This week we have been discussing Honoré Daumier's art, which incorporated his satire of Parisian politics and society. Given the state of Chicago and Illinois politics, I think this is the perfect time for Chicago's artists to take up Daumier's mantle and mock, to provoke recognition and change. Even better, it seems that many artists are already following in Daumier's footsteps and making light of a government so inept and corrupt it seems to belong in the 19th century. I'd been wanting to see more satire and caricature of Illinois politicians probably right around the time Blagojevich got impeached. With rising taxes on everything, from candy to a meal downtown, to increasing fees, the parking meter debacle, to impeached and indicted politicians, it became clear to me that the spirit of satire must return to Chicago and with a vengeance.
This feeling crystallized one day as I walked past the case of Daumier sculpture (images seen in the slideshow above), on view at the Art Institute of Chicago (where I work part-time). Blagojevich had just been ignominiously impeached shortly after the victory of Obama. As I walked past the rows of bronzes I thought that perhaps a Daumier analogue to Blago could be found, Blago is funny-looking enough. And sure enough after a short time looking and considering candidates it seemed that Daumier did indeed create a Blago-like bust, right down to the hair, the nose, and the detestable shrug. The comparison can be seen above in the slideshow, along with the rest of the images related to this post.
But it wasn't enough to have a merely coincidental caricature of Blagojevich, even if it was serendipitously provided by Daumier. To really get at the moldy heart of Illinois politics would take someone living.
Last month I was delighted to see the March 11th issue of the Chicago Reader with a cover featuring Paul John Higgins' portrait of Mayor Daley as an emphatically frowning double of Louis XVI of France, accompanied by Mick Dumke's article calling for the ouster of Daley with the headline "Time for a Revolution." Check the slideshow for the images.
Higgins' image is styled after a 1786 portrait by Antoine-François Callet. Mr. Higgins was also nice enough to send me over an alternate cover, that they didn't publish, which quotes another Callet portrait of Louis XVI, this time from 1788. The selection of Louis XVI as a stand-in for Daley is interesting: at that time France was burdened with heavy debt and citizen unrest as people were dissatisfied with the monarchy and the Ancient Regime. Those recalling their history classes will remember that Louis XVI was married to Marie-Antoinette and neither of them were very popular. Rising public dissatisfaction with the monarchy coupled with falling standards of living (sound familiar?), built to a revolutionary atmosphere. Eventually both Louis and Marie-Antoinette lost their heads to the guillotine and the French Revolution began.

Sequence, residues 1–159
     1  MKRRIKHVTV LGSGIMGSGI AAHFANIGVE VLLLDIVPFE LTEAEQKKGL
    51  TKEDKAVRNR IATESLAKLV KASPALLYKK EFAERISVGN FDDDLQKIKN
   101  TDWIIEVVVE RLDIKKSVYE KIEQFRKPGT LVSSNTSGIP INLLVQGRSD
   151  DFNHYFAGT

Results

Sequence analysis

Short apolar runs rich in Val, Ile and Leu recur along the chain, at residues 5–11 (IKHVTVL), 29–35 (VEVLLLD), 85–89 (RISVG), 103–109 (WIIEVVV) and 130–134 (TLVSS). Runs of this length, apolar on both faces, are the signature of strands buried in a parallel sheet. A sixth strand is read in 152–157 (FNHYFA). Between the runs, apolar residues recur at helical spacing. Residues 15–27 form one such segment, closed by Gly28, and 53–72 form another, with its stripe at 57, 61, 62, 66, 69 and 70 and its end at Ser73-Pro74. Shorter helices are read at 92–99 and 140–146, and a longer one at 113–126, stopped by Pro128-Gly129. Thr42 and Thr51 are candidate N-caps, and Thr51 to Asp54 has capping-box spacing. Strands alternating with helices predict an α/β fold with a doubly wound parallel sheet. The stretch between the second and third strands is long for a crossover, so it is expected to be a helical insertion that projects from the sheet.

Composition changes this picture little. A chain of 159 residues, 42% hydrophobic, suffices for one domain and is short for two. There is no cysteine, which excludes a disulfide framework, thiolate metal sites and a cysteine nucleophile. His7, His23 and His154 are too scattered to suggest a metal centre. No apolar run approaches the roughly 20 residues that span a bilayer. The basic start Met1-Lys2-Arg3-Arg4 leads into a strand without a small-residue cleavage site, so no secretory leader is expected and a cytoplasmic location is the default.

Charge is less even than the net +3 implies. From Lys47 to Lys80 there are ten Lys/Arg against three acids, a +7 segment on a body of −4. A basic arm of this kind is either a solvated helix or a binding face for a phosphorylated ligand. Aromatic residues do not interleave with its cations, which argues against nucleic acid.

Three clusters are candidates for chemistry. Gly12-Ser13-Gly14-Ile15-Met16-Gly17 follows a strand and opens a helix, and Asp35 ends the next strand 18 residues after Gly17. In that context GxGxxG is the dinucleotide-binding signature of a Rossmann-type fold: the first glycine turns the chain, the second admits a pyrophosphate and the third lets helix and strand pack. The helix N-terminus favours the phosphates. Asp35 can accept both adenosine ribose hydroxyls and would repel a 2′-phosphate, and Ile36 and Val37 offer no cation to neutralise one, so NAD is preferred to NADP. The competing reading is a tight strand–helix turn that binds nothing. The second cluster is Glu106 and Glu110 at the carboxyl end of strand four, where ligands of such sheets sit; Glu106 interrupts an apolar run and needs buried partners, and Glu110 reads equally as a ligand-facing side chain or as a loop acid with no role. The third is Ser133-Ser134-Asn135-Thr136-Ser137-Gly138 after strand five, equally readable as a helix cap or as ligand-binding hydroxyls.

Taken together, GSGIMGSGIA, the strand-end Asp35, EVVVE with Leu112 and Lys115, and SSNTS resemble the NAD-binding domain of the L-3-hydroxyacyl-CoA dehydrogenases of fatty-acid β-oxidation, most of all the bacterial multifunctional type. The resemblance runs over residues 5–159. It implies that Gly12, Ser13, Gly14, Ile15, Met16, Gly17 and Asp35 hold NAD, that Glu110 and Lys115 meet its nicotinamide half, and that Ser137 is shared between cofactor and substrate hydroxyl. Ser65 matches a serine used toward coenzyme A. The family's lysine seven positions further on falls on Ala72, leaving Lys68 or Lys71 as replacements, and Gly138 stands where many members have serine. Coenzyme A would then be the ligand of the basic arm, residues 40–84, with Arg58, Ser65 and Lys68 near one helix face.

While it goes without saying that the Reader article was not endorsing violence of any kind, the article did detail the widespread dissatisfaction with the Mayor and his regime that somewhat mirrors 18th century France. Key in the evidence Dumke lists is the parking meter disaster, whereby the Mayor sold the rights to the Chicago's parking meters for 75 years for a low-ball price without any real debate, let alone a city-wide vote. We all know the rest of the story, the broke meters, carrying rolls of quarters to pay and squandered cash, as Dumke notes, most of the over a billion dollars that the city received in the deal will be spent by the end of next year and ultimately the meter itself could have been worth $5 billion.
Personally, I was dissatisfied with Mayor Daley long before the meter deal went down, but if that's what it takes to get everyone riled up, fine. I would have thought that the raising taxes in Chicago would be more irritating, whether its your property taxes, sales tax (highest in the nation) or the taxes you get hit with when you want to do something fun, like eat out downtown or have a beer. Then there's the CTA. Fares have risen from $1.75 (if you had the CTA Plus card) to $2.25 plus $.25 for transfer. When I visited New York City last year they the MTA's fare was $2 (though it has also risen to $2.25).
Of course the thing with taxes and the CTA is that you can't pin it on Daley. Todd Stroger was the one who pushed for the sales tax, and in doing so, pushed himself out of office. The CTA is run by a separate agency so it's their fault when the going gets tough.
But what kind of Mayor isn't responsible for his city's taxes and his city's public transit?
The satire of Higgins and the incisive writing by Dumke exposes the way that Daley runs this town like a king with little or no public accountability, he is after all Mayor Daley the Second. To echo Dumke, it's time for a revolution, by votes.
Next week we continue our look at the spirit of Daumier as CAB looks at the aldermen.